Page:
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CB8 Environmental Committe Recap: Water Tunnel #3, Future Air Quality Forum Discussed

Last night Community Board 8 held its monthly meeting of the Environmental and Sanitation Committee. The Committee originally intended to discuss plans for the former DSNY garage property on the East River between 73rd and 74th Streets (now home to some eerily cool looking ruins), but mother nature had other plans. Sanitation was given a free pass in order to contend with the impending snowpocalypse, or is it snowmaggedon now? Either or, they had a good excuse. No word yet as to when interim plans for the site will be discussed.

Also on the agenda last night was a presentation by the City’s Department of Environmental Protection on upcoming work for City Water Tunnel #3 in the district. Newly minted, and somewhat controversial, DEP Commissioner Cas Holloway was in attendance to express his commitment to the project and to no doubt allay some of the neighborhood’s concerns. For those who don’t know, City Water Tunnel #3 is possibly the City’s most important infrastructure project, ever. The City’s first two water tunnels were built in the early part of the 20th century and have never been shut down for inspection. Sandhogs have been toiling deep underground (sometimes at depths of over 800 feet) on-and-off since 1970: a testament to the gigantic scale of the project. Heck, the History Channel even gave them their own TV show! Read more about the City’s water supply system here and here.

In order to bring all that new water to the neighborhood DEP must construct a series of connecting mains, pipes, and valves. Last night DEP presented plans to install a 40 foot water main along 59th Street from 3rd to 1st Avenue. DEP acknowledged that the neighborhood would feel some impacts during the 3 years of construction, including noise, traffic disruption, and vermin relocation (those critters have got to go somewhere!). Most of the construction will be centered around the intersection of 59th Street and 1st Avenue where 14 Honey Locust Park used to be (the site is now surrounded by construction fencing and in no way resembles a park). Concerned about the possibility of having a vacant eye-sore after construction is completed (like some other sites around the City), the Board pressed DEP to ensure that 14 Honey Locust park is eventually restored.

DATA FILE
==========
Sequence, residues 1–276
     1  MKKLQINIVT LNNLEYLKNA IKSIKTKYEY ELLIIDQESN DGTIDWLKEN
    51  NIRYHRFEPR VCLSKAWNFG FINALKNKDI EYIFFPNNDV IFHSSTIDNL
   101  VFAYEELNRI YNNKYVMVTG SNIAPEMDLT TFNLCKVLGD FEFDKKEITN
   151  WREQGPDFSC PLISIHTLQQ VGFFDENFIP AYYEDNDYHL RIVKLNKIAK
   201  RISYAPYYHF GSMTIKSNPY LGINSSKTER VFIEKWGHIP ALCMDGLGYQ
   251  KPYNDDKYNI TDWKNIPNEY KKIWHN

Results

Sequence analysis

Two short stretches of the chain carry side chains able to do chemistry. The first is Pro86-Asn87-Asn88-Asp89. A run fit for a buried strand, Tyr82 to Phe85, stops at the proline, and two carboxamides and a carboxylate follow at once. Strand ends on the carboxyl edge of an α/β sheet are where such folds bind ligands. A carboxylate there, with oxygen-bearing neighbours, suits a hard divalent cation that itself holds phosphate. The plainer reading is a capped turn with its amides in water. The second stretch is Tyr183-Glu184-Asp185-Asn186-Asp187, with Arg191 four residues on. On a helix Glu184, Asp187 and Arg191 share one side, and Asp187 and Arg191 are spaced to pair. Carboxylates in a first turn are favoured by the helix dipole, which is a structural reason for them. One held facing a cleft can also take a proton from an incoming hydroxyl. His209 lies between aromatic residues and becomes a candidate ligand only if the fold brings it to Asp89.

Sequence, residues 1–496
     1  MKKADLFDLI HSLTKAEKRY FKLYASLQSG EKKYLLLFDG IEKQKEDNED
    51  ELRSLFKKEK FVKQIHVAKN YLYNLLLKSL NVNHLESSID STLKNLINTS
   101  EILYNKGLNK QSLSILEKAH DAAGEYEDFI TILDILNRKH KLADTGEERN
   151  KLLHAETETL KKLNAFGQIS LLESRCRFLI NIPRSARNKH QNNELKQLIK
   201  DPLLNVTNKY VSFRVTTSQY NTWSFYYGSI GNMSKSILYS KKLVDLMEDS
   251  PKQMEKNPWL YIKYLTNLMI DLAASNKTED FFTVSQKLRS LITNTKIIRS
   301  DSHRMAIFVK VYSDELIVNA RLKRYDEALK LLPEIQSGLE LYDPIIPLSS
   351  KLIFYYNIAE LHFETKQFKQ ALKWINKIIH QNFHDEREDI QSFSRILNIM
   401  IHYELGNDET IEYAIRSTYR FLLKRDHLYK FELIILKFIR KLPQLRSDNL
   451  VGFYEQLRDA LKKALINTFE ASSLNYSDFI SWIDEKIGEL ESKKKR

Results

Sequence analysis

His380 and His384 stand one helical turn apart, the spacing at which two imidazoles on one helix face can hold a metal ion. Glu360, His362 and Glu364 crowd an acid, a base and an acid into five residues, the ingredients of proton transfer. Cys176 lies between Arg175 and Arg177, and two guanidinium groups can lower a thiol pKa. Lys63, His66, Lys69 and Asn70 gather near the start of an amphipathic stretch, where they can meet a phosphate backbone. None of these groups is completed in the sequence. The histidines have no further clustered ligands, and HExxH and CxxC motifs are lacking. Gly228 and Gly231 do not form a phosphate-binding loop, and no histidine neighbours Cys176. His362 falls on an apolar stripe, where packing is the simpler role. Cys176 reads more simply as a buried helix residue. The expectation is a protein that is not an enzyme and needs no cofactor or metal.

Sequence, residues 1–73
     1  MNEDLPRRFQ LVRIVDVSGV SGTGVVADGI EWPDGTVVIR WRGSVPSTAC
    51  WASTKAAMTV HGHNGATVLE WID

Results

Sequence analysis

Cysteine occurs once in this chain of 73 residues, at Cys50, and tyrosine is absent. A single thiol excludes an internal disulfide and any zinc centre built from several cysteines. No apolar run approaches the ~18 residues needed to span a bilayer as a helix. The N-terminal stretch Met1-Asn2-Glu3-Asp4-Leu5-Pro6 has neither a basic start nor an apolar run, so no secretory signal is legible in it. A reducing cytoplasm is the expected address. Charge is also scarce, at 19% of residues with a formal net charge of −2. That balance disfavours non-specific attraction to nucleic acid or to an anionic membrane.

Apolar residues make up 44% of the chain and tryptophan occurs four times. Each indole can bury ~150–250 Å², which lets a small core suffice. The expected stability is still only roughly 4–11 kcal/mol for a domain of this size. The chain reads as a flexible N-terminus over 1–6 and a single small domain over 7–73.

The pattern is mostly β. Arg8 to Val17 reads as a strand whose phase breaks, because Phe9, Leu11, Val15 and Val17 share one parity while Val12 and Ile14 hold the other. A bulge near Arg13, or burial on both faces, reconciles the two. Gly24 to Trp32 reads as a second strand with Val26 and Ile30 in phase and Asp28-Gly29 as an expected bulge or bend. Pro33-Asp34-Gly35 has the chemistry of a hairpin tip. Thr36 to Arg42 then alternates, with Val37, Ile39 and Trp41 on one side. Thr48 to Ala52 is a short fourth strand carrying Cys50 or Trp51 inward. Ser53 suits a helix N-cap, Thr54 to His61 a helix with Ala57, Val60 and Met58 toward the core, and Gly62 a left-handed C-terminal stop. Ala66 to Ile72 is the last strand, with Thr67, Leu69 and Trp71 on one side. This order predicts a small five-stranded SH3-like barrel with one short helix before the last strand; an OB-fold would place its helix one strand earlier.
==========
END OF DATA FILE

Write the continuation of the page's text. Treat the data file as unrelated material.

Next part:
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A current Google Street View of 14 Honey Locust Park

Though construction in the neighborhood will no doubt bring some unwanted disruptions, the importance of City Water Tunnel #3 cannot be understated. The third water tunnel will allow the City to safely deliver clean drinking water for years to come – a central concept that allows great cities to thrive (thank you Romans).

In other news, CB8 is also discussed the possibility of holding an air quality forum based on the shocking results of the City’s recent Community Air Study. The Board hopes to engage residents to learn about the health and environmental dangers of dirty heating oil and theĀ  economic incentives available to buildings who switch to cleaner fuels and make energy efficiency improvements. The Board is currently planning for the forum to take place sometime in the late Spring.


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